It is very important to tune the code to the target hardware architecture. However, unless you have lots of time and resources, this is impossible to do for the wide variety of systems available.
Optimization follows the 80-20 rule. You get 80% benefit with 20% of effort. Beyond that, your returns will start to diminish.
Here is the process I follow:
1) Obtain the best compiler for your target architecture. Sometimes GNU maybe the best compiler for a particular platform, dont be surprised.
2) Read through the "code optimization" section for the compiler.
3) Identify the right flags to generate the best code for the target platform. However, make sure you validate the results of the code with every level of optimization you try. Higher optimization levels will affect the correctness of the code.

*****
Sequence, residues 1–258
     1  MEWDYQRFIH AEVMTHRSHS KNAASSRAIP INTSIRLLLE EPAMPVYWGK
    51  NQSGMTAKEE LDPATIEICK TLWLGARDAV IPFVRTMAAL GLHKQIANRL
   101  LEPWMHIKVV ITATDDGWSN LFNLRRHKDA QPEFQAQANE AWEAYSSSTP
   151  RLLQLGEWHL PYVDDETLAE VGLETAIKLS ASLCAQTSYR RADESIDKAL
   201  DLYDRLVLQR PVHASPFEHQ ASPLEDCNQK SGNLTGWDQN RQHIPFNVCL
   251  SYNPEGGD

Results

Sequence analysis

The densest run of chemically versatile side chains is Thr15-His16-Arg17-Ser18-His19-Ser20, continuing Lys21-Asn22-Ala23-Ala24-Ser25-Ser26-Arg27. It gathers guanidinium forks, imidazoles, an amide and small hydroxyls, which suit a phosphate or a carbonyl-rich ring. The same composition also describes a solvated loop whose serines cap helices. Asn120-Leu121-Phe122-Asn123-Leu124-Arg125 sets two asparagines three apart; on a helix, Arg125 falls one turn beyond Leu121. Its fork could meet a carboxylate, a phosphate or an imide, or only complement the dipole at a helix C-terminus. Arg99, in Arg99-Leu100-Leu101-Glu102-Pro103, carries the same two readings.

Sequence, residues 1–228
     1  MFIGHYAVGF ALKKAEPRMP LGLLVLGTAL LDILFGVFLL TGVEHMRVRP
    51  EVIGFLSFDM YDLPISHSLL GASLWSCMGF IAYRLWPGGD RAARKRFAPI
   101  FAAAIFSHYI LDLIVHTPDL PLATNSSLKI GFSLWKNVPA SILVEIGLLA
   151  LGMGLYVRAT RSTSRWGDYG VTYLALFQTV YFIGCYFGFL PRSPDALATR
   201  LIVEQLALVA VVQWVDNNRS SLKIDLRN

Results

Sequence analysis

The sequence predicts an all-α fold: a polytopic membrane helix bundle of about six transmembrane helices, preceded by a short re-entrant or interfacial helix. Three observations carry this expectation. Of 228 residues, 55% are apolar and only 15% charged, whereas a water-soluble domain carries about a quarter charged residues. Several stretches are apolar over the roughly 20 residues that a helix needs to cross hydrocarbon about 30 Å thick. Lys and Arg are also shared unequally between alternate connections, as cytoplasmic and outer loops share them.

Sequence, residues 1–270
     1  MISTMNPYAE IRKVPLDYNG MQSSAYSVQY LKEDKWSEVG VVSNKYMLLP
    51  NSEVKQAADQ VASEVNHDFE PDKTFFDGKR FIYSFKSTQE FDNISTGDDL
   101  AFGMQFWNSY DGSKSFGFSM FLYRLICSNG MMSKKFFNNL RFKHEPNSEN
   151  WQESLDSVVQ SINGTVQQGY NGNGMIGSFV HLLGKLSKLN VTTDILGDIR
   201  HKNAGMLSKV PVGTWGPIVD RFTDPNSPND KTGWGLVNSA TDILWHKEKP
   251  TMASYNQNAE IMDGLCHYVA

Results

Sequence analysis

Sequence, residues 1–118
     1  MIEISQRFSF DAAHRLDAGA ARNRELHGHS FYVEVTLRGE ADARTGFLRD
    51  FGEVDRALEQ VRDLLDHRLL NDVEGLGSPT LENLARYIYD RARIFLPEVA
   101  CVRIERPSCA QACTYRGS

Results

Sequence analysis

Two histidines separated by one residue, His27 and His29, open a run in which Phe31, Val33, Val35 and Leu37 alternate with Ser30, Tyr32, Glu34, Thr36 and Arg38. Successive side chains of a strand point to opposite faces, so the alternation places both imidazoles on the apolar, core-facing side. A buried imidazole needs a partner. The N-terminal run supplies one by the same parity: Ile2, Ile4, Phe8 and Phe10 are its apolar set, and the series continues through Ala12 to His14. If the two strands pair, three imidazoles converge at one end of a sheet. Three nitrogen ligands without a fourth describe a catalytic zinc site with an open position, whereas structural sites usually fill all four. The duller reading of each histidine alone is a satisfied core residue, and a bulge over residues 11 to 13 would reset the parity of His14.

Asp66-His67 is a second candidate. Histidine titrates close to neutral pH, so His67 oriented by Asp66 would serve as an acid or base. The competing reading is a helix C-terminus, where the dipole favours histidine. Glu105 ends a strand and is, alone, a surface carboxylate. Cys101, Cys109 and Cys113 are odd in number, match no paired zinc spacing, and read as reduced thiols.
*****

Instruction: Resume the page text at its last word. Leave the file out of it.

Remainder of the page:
4) Make sure any libraries you need are optimized for that system. For ex, math libraries, BLAS libraries etc.
5) Pay special attention to platform specific hardware features, like SSE (SIMD), number of cores or accelerators. YOu may need to modify your code or provide hints to the compiler to optimize the code better for these features.
You will have to do this for every target platform. By this time you should see the maximum benefit with minimal effort.
If you need to extract more performance, it almost always demands you rewrite your code to make sure the hardware features are fully exploited.
No, there are no books for this. The closest is "optimization manuals" generally provided free of cost by the vendor (IBM redbooks, Intel, AMD, Cray).
These are the most valid resources for these platforms. You should aim to find out such resources for your target platform.